Don't get me wrong. Some of these folks strike an awfully intimidating pose, and while I can bring myself to be nice to them, I generally steer clear of them in conversation, favoring the more welcoming glances of other guests. I also know that while I've not personally witnessed a fight at the shelter till yesterday, other volunteers at other shifts have seen people go a little nuts. And I'm worldly wise enough to presume that even the nice folks with the welcoming glances, being human beings under pressure, most likely lose their cool every now and then. So I'm not suggesting that the homeless people in the western suburbs of Chicago are magically serene. I'm only observing that they're human beings living in a civil society, and they know how to conduct themselves as such. And every once in a while something gets on their nerves enough to raise their hackles and cause a scene.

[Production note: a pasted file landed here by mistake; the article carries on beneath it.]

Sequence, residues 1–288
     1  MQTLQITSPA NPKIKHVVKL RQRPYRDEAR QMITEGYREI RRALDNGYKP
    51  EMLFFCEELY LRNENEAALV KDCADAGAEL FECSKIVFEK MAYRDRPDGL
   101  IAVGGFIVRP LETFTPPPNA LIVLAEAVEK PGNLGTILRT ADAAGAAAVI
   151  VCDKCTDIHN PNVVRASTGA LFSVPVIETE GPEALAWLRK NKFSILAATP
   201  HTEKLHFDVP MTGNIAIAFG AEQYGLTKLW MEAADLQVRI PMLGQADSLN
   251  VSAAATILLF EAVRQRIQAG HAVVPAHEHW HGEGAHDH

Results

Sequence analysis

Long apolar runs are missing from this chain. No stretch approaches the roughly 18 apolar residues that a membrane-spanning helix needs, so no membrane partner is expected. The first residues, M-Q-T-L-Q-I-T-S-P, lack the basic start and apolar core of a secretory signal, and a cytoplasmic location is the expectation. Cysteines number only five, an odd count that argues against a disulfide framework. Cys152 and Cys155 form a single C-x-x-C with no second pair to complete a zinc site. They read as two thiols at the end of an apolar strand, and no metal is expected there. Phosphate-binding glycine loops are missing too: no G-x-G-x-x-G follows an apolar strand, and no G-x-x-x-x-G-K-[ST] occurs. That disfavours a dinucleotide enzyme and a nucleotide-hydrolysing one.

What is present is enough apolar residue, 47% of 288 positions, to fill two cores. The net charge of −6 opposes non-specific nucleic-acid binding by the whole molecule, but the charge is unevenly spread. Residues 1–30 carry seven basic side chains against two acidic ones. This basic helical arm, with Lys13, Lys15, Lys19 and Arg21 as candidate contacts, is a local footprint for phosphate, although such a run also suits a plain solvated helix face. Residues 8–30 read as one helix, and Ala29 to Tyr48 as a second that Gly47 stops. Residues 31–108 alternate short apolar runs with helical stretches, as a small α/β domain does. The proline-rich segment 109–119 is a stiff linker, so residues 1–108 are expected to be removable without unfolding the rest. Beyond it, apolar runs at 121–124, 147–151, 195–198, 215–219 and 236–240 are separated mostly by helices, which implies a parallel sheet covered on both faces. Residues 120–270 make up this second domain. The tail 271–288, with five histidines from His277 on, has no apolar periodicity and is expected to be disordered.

That's what happened yesterday morning. Addy, notorious for oversleeping and waking up grumpy, was exceptionally tired and uncompromising. Fifty-plus people had been handed plates of eggs and toast while she slept on. Fifty-plus people--including several little kids--had bathed, dressed and packed for the day while she slept on. An entire infrastructure of mattresses and modular walls had been disassembled all around her while she slept on. Gentle nudges and whispered "Wake up, Addy" wasn't doing it today. So another guest, exasperated by the stress Addy had apparently created in the dumbstruck volunteers working quietly around her, took it on himself to show Addy a little tough love.